Delay the mandate for months and you’re all but guaranteeing that healthy uninsured people won’t sign up soon, which means insurers won’t have the new revenue they were banking on to cover sick people’s preexisting conditions. Voila — you’ve created the conditions for an industry death spiral. Democrats know it too, just like they also know that they’re not getting anything like single-payer through Congress so long as there’s a Republican majority in the House. So they have no choice but to oppose Rubio’s bill and defeat it in the Senate, even though doing so will make for terrible politics. There are lots and lots and lots of things the public doesn’t understand about ObamaCare, but one thing everyone understands is that it’s unfair to punish people for not doing something the government’s made it all but impossible for them to do. Rubio’s bill essentially forces Democrats to argue that it is fair somehow in the name of keeping the mandate in effect.
Exactly. This bill is a self-created nightmare for Democrats. If they support the bill to avoid getting clobbered by the very "fairness" attacks they love to wield, the death spiral commences. Obamacare collapses, dragging America's health insurance market down with it. If Dems oppose Rubio's plan while explaining (correctly) that provisions like guaranteed issue and community rating would also have to be pushed back to avoid an even worse disaster...then, great. Republicans will say, "we agree, let's delay the whole damn thing -- which, by the way, we've been advising for months now. And the White House compared us to terrorists for even suggesting it. In fact, Democrats chose to keep the government shut down in order to block the very thing they now realize must be done." Lastly, if Democrats decline to act out of hubristic partisan pique, the GOP has a killer talking point to use relentlessly in the lead-up to 2014. (Remember, if Democrats don't take back the House in 2014, Obama's lame duck status starts the day after the election). Obama and friends have put themselves in a no-win situation by passing a terrible law, then compounding the issue by royally screwing up its roll-out. I won't even pretend to shed a single crocodile tear for them. This is completely their fault. Worse, they've known this nightmare was coming for months, yet they foolishly pressed forward, impervious to facts:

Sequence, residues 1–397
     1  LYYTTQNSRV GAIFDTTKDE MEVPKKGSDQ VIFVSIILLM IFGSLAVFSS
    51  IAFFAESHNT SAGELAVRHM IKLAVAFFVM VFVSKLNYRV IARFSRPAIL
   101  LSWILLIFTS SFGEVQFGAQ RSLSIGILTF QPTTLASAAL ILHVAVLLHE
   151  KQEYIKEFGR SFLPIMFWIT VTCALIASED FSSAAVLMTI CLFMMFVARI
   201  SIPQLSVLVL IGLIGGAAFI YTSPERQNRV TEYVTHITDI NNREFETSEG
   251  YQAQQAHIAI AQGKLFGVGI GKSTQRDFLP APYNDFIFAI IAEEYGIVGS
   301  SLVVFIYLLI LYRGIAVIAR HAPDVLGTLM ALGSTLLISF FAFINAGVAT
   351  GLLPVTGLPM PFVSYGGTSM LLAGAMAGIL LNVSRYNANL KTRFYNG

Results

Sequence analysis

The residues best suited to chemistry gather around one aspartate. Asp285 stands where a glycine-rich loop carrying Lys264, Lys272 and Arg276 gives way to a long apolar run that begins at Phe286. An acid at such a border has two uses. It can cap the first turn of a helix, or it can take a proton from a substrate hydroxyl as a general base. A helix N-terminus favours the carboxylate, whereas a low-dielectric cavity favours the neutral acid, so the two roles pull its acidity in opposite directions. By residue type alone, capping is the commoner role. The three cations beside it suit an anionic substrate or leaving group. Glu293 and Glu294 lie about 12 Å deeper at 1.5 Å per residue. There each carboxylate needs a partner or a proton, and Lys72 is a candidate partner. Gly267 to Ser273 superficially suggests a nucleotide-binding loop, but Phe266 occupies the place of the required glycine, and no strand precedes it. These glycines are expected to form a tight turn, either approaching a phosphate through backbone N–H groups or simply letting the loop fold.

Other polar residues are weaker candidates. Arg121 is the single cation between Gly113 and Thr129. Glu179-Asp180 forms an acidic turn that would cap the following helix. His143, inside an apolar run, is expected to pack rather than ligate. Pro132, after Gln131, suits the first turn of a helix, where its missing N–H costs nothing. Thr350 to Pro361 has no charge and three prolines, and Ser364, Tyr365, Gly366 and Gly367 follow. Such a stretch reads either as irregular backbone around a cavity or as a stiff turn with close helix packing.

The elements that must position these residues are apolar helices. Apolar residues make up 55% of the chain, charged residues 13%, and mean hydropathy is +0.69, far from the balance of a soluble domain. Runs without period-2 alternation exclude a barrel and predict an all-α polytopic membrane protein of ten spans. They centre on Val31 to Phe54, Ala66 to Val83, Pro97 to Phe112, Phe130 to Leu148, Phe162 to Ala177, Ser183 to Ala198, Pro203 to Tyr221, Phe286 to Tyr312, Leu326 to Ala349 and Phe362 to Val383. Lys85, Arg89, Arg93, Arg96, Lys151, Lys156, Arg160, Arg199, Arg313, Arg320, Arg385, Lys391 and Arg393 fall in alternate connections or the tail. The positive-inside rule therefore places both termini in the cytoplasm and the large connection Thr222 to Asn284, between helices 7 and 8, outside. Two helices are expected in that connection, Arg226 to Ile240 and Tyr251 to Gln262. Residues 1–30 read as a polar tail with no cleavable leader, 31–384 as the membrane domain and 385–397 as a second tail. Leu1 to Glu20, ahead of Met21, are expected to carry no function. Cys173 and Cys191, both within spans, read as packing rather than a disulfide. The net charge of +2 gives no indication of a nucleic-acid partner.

Days before the launch of President Obama’s online health insurance marketplace, government officials and contractors tested a key part of the Web site to see whether it could handle tens of thousands of consumers at the same time. It crashed after a simulation in which just a few hundred people tried to log on simultaneously. Despite the failed test, federal health officials plowed ahead. When the Web site went live Oct. 1, it locked up shortly after midnight as about 2,000 users attempted to complete the first step, according to two people familiar with the project.
They tested the system with a "few hundred" simultaneous users, it failed, yet they still launched the site. Astounding. They've spent millions promoting a website and roll-out date that they knew wouldn't work, and they continue to do so. Administration allies are desperately trying to pawn this stink-bomb off onto the private sector contractors, but that doesn't fly either. The government chose to act as lead contractor (despite having minimal expertise), hand-selected companies to work with, and avoided seeking additional outside help in order to avoid a political embarrassment. Also, the contractors say they issued one internal warning after another, all of which were ignored. And here we are. Let's hear it, Democrats: Why is Marco Rubio's bill unacceptable?